Office of the Superintendent of Financial Institutions
The total number of active RPP members increased steadily from 6.0 million in 2008 to 6.4 million in 2018, an increase of 7% over the last ten years.
The proportion of active RPP members participating in a contributory pension plan increased from 82% in 2008 to 89% in 2018.
In 2018, women accounted for 50% of the 6.4 million active RPP members. The share of RPP membership for women has been increasing through time. In 1985, only 35% (1.6 million) of active RPP members were women. This proportion increased to 45% (2.3 million) in 1998, was at 50% (3.0 million) in 2008 and at 50% (3.2 million) in 2018.
The number of active RPP members as a percentage of the labour force decreased from 33% in 2008 to 32% in 2018.
Although the number of active RPP members has increased in the last ten years, the number of employees has grown at a faster pace. As a result, the proportion of employees covered by a RPP decreased from 39% in 2008 to 38% in 2018.
While the RPP coverage as a percentage of employees declined for men, from 37% in 2008 to 36% in 2018, the coverage for women remained constant at around 40% over the same period. As a proportion of employees, the coverage for women has been higher than the coverage for men over the last ten years.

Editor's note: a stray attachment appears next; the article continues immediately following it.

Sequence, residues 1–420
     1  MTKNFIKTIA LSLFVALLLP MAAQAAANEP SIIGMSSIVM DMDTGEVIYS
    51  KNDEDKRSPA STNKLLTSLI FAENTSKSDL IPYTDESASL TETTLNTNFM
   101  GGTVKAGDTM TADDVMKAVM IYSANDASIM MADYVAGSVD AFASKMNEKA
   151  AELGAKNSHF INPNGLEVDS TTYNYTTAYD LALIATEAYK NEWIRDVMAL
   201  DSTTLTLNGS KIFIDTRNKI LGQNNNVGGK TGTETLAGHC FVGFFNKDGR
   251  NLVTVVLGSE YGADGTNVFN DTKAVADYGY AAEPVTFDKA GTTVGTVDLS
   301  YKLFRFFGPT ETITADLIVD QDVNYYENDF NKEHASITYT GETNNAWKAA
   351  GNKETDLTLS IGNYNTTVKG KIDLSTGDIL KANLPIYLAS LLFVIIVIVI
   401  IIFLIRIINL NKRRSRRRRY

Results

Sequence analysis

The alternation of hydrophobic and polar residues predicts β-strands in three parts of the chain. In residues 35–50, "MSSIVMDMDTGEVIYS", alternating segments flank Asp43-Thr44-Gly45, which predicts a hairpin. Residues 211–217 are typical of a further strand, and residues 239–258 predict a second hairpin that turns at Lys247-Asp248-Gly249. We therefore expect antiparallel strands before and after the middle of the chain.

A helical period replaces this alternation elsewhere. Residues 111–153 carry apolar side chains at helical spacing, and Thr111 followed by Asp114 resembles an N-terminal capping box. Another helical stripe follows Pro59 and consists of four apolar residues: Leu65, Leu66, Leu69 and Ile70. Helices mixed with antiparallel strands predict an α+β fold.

The RPP coverage in the public sector increased from 85% in 2008 to 88% in 2018, while the number of active RPP members in the public sector increased from 2.9 million to 3.4 million.
The RPP coverage in the private sector decreased from 25% in 2008 to 23% in 2018, while the number of active RPP members in the private sector decreased from 3.1 million to 3.0 million.
There has been a shift from Defined Benefit (DB) plans to Defined Contribution (DC) plans and other plans. Overall, the proportion of active RPP members in DB plans has declined from 75% to 67% over the last ten years.
While the reduction in DB coverage has been significant in the private sector (from 57% to 41%), there has only been a slight decrease in the public sector (from 93% to 91%).
The graph on the right shows the evolution of DB coverage for active RPP members in the public and private sectors from 2008 to 2018.
Graph type: A line graph comparing the Proportion of Active RPP Members Covered by DB plans between Public Sector and Private Sector from 2008 to 2018.
Public Sector trend: The Proportion of Active RPP Members Covered by DB plans in the public sector in 2008 was 93%, at approximately 94% between 2008 and 2014 and plateau from 2015 to 2018 at 91%.
Private Sector trend: The Proportion of Active RPP Members Covered by DB plans in the private sector in 2008 was 57% decreasing steadily to approximately 42% in 2015, and plateau between 2016 to 2018 at approximately 41%.
Since 2004, there has been a trend whereby employers, particularly those in the private sector, have been either establishing or converting to a new type of DB and DC plan. These plans may be for different classes of employees or one benefit type may be for current employees and the other for new employees. The number of active members in this type of plan increased from 18,000 in 2004 to 705,000 in 2018. Of these members in 2018, 11% were in the public sector while the remaining 89% were in the private sector.